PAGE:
and scroll down to the part about ten commandments statues being made to promote a movie. a charlton heston movie no less. uggh. what a way to treat a document you claim as sacred, huh?

as far as public schools go, if youre learning a lesson on something that would make a posting of the ten commandments relavent,then they can go up or whatever. but it should be strictly in a historical sense. public school f##s everything up. i do NOT want them anywhere near the beliefs of my hypothetical children

so, i hope that answered some questions. i think that (perhaps arrogantly), in general, my thoughts are in accordance with this sites philosophy. freethinking is very valuable to me. jesus would agree, tho im positive the pope does not.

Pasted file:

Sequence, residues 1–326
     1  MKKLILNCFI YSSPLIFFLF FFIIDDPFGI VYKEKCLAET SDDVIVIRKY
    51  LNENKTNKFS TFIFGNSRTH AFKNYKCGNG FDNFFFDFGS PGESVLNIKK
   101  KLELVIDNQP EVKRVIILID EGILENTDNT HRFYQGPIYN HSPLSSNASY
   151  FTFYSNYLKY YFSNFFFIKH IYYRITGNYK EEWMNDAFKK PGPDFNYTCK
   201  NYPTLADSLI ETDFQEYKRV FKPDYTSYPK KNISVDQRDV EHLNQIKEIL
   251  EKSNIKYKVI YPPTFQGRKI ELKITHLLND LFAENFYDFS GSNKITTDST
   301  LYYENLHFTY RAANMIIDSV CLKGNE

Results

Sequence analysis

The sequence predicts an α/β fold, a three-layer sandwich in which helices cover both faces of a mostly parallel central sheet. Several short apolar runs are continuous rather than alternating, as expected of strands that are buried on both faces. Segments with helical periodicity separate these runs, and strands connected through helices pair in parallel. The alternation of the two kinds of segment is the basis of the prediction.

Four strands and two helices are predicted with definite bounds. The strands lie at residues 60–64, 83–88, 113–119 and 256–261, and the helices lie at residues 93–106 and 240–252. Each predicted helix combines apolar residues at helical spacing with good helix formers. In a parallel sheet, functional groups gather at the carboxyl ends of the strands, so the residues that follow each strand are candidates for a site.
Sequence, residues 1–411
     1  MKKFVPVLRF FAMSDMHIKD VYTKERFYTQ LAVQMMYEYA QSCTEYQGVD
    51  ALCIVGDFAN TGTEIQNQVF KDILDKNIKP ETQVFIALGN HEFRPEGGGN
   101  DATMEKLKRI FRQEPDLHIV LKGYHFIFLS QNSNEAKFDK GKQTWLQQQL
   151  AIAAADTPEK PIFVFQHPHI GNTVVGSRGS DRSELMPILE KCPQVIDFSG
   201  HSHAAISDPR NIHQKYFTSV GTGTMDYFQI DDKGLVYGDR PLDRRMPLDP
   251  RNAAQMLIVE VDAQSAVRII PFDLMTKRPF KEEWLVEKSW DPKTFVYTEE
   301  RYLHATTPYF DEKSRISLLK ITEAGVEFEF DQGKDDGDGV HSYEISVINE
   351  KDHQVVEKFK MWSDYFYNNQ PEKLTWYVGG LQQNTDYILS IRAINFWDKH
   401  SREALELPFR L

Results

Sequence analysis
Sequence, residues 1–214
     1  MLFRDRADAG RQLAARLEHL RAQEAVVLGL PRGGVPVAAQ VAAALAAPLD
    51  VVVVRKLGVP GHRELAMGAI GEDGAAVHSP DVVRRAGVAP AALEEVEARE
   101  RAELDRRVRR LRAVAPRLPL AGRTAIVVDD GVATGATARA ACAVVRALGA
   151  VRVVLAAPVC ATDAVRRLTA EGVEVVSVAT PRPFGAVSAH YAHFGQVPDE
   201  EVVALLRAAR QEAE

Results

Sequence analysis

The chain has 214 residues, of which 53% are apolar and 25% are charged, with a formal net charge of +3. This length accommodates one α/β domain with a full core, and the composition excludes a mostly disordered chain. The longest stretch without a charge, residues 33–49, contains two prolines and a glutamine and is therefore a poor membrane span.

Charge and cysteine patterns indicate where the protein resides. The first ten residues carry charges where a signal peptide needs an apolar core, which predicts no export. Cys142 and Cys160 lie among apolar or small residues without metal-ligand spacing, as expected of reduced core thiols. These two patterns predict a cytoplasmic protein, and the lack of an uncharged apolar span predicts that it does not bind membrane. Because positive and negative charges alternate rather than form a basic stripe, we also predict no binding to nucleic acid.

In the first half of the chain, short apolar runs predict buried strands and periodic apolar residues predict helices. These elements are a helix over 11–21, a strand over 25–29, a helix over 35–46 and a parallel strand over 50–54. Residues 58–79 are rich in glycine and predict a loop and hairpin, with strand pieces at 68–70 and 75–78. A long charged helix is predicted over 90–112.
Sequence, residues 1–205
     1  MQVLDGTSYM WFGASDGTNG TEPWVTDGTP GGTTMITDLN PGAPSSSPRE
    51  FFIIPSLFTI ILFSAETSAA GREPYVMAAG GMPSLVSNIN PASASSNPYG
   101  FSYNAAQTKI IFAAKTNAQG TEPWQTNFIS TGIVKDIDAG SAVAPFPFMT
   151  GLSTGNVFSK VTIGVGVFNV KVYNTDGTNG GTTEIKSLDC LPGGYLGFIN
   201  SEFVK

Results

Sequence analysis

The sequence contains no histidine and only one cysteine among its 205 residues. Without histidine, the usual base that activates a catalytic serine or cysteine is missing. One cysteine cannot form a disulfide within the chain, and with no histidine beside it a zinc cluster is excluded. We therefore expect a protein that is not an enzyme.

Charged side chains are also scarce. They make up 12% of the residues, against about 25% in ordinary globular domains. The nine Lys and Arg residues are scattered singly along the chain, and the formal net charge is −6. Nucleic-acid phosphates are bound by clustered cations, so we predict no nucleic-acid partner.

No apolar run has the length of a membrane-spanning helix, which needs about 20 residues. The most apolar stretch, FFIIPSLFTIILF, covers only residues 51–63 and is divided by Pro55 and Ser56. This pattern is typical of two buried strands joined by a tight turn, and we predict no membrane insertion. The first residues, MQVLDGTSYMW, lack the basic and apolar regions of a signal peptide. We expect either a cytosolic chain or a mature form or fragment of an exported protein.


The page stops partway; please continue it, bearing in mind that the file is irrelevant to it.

i also came up with my denomination! we are christian pre-eventuexisterminists. of course you could just be a pre-eventuexisterminist, but you would be damming yourself straight to hell.

just kidding. anyway, hit me with a response s'il vous plait. i dont find reasonable conversation on either side of this issue very often.

"In depriving myself of the acorns... what have we learned? Nothing! Not one of us has learned!
"Which isn't my point, but very well could have been."
— Ashley Raymond, Olympia, 1989


darth_josh
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Thanks for continuing the

Thanks for continuing the discussion. Like you, I have found that the discussion goes YES or NO with no contextual analysis.

I didn't number these since they're closely tied with the same topic of symbols.

The Ten Commandments was actually a pretty good movie for its time. I've always 'preached' the importance of disregarding any messages that a movie might be trying to send out.
After all, they are just movies.
They only have 'meaning' when we give it to them for ourselves, in my opinion.